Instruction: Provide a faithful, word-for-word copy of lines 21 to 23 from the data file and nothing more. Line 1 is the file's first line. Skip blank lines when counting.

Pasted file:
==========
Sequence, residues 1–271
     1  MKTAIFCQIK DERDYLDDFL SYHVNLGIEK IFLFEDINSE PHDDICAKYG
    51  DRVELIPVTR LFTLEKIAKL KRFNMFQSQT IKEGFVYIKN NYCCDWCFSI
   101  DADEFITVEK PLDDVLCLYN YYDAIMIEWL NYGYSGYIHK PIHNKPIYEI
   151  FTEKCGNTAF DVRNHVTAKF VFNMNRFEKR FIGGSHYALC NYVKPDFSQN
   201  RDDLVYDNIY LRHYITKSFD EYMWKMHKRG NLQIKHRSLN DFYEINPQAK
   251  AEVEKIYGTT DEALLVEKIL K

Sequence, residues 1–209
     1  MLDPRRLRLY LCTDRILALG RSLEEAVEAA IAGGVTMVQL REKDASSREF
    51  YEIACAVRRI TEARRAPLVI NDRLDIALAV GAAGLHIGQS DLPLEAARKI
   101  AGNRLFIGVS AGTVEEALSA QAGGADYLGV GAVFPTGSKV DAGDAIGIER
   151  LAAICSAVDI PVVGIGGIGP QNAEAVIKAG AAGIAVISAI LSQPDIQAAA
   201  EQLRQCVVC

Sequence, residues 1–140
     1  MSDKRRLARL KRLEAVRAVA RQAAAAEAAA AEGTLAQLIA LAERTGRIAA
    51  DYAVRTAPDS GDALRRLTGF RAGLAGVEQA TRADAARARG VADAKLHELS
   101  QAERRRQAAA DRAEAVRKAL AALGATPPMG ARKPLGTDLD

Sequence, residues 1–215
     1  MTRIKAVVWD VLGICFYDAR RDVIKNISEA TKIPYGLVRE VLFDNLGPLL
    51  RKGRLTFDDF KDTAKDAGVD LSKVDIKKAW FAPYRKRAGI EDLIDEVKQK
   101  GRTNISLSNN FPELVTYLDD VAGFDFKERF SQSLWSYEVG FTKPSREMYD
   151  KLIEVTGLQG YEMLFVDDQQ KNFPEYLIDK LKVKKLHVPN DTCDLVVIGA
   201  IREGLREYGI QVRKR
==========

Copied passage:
   101  GRTNISLSNN FPELVTYLDD VAGFDFKERF SQSLWSYEVG FTKPSREMYD
   151  KLIEVTGLQG YEMLFVDDQQ KNFPEYLIDK LKVKKLHVPN DTCDLVVIGA
   201  IREGLREYGI QVRKR